As a general recommendation from all of these sources, however, is the most important rule they promote. That is to invest only up to 4% of your dollars in any one investment and use a 25% trailing stop on each investment. While not foolproof, that suggests you will lose only 1% maximum on any one investment. And by using the “trailing stop of 25%” as long as the investment climbs your stop will go up and hopefully when it starts to fall, you will get out with some profit.

  61. I’ve been a subscriber to many investment newsletters, from the purely math driven like The Chartist to the Motley Fool to Agora Publications to Martin Weiss and Larry Edelson. Even subscribed to the Hulbert Financial Digest for years until he lost his Quaker roots by joining MarketWatch.

    I’m a physician (left clinical practice at age 50) and now CEO of a small but profitable medically-related company. I don’t get paid for managing assets but between my relatives, trusts, my own, and my company’s reserves I have the sole investing responsibility for 13 portfolios with combined assets in the upper seven figures and all of which have different risk capacities and tax situations. I invest in bonds, closed-end bond funds, stocks, stock index funds, write options (covered and uncovered), physical precious metals and PM royalties, and cash.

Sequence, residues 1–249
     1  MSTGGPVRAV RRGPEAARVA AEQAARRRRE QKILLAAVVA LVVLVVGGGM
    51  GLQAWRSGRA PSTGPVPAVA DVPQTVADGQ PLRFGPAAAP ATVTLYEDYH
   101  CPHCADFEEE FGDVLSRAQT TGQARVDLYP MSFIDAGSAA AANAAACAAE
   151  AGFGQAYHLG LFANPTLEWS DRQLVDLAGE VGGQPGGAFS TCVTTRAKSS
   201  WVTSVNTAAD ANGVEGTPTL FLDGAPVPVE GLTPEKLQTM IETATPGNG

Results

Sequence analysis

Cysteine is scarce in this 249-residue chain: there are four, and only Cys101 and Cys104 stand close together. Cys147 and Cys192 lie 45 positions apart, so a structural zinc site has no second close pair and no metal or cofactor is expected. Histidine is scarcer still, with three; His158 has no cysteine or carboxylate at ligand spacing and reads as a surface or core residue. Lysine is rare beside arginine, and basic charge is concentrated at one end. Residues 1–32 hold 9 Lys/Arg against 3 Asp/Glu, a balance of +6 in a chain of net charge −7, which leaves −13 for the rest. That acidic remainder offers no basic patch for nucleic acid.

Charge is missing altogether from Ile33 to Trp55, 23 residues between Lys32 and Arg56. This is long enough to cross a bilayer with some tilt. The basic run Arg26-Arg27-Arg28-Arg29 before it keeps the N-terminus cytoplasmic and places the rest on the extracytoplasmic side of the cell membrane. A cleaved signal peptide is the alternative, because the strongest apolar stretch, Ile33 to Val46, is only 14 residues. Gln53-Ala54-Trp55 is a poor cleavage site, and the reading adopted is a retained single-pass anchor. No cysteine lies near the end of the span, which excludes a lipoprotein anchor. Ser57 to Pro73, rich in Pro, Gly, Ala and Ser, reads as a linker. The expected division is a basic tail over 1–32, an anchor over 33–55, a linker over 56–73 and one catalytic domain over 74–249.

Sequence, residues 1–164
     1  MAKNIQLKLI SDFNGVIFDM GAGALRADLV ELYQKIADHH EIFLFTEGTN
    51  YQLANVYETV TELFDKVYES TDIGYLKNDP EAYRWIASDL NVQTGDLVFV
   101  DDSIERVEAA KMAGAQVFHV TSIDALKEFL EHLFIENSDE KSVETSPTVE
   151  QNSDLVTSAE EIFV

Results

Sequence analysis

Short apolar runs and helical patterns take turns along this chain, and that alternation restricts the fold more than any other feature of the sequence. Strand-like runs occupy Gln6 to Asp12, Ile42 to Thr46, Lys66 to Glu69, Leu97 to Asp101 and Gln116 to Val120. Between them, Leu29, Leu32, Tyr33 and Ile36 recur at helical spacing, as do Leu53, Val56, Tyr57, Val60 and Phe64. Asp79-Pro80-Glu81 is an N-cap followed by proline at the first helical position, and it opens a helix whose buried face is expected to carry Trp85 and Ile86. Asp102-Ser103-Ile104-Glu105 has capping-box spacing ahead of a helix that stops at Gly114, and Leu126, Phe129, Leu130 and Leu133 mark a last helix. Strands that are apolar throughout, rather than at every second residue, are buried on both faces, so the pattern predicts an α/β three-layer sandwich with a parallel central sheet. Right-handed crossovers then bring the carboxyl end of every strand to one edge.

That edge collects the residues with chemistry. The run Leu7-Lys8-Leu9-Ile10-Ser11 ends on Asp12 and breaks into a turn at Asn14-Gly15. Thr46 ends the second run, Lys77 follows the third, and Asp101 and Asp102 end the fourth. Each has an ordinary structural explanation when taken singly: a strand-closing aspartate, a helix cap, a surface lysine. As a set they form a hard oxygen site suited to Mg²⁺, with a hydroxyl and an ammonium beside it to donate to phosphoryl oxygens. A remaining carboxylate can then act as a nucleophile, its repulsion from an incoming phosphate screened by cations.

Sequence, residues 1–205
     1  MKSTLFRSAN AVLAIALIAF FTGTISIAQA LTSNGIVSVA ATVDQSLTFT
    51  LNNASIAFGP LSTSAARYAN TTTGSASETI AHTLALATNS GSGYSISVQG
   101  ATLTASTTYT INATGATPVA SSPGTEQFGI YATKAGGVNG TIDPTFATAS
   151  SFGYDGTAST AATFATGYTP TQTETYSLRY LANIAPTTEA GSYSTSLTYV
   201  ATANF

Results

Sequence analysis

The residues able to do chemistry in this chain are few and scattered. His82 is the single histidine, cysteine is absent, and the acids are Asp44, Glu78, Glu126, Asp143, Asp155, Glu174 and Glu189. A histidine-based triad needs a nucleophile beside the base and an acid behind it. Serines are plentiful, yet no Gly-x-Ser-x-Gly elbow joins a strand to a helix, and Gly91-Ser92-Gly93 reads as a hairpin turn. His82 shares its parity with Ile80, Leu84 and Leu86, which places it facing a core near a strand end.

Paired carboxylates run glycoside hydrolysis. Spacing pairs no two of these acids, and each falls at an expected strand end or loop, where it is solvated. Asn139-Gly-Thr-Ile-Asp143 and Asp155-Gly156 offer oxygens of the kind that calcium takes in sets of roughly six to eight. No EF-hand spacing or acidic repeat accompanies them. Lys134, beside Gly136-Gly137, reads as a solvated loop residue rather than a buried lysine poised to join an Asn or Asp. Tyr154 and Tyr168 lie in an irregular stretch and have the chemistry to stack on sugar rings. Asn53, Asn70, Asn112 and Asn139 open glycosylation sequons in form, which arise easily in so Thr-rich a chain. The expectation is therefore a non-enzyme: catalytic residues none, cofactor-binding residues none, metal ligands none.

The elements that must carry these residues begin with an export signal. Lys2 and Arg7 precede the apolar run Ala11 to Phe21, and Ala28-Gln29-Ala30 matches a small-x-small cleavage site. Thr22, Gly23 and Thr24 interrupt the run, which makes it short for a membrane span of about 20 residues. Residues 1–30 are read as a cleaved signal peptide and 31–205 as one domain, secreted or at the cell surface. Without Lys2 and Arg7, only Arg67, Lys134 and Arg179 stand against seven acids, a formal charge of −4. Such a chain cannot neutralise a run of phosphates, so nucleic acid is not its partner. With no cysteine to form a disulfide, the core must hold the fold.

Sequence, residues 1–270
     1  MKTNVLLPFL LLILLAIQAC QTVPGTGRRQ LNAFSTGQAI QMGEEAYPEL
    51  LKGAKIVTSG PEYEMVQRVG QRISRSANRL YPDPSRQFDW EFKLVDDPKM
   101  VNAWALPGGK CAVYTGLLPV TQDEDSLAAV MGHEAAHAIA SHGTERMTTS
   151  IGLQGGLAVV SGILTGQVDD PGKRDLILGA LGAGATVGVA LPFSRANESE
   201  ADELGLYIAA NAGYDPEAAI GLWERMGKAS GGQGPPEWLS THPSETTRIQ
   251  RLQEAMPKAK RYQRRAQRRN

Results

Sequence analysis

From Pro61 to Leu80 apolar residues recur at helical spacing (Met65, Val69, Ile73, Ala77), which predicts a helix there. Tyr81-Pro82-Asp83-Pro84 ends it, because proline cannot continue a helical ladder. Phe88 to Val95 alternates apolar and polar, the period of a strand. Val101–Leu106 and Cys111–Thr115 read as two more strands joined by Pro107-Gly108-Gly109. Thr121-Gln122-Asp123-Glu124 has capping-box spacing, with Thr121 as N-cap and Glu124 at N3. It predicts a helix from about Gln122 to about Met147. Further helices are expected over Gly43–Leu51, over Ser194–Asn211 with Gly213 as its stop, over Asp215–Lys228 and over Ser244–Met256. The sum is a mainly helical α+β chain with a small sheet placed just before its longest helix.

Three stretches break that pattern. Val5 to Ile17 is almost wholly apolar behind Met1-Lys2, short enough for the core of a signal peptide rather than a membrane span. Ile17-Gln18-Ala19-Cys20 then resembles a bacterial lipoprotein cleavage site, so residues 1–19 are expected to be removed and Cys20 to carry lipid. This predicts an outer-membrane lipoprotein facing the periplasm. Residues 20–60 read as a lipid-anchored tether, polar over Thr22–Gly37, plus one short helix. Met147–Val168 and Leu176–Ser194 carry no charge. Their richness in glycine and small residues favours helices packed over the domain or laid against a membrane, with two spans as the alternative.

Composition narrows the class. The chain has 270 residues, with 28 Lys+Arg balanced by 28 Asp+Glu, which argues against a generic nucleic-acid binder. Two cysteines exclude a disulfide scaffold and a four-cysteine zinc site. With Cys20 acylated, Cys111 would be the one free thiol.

I joined the Stansberry flex alliance in March 2013, which gave me the opportunity to sample all of their newsletters but one. The good news is that there is some very good information and more importantly, very good education to be had there. The bad news is that they all have different styles of investing or trading and if you pick one that isn’t your style, you’ll likely be disappointed.

    In fact some of their trading styles are better suited for rising markets and some for falling markets.

    They do separate them into investing services (usually cheaper) and trading services (can be very expensive).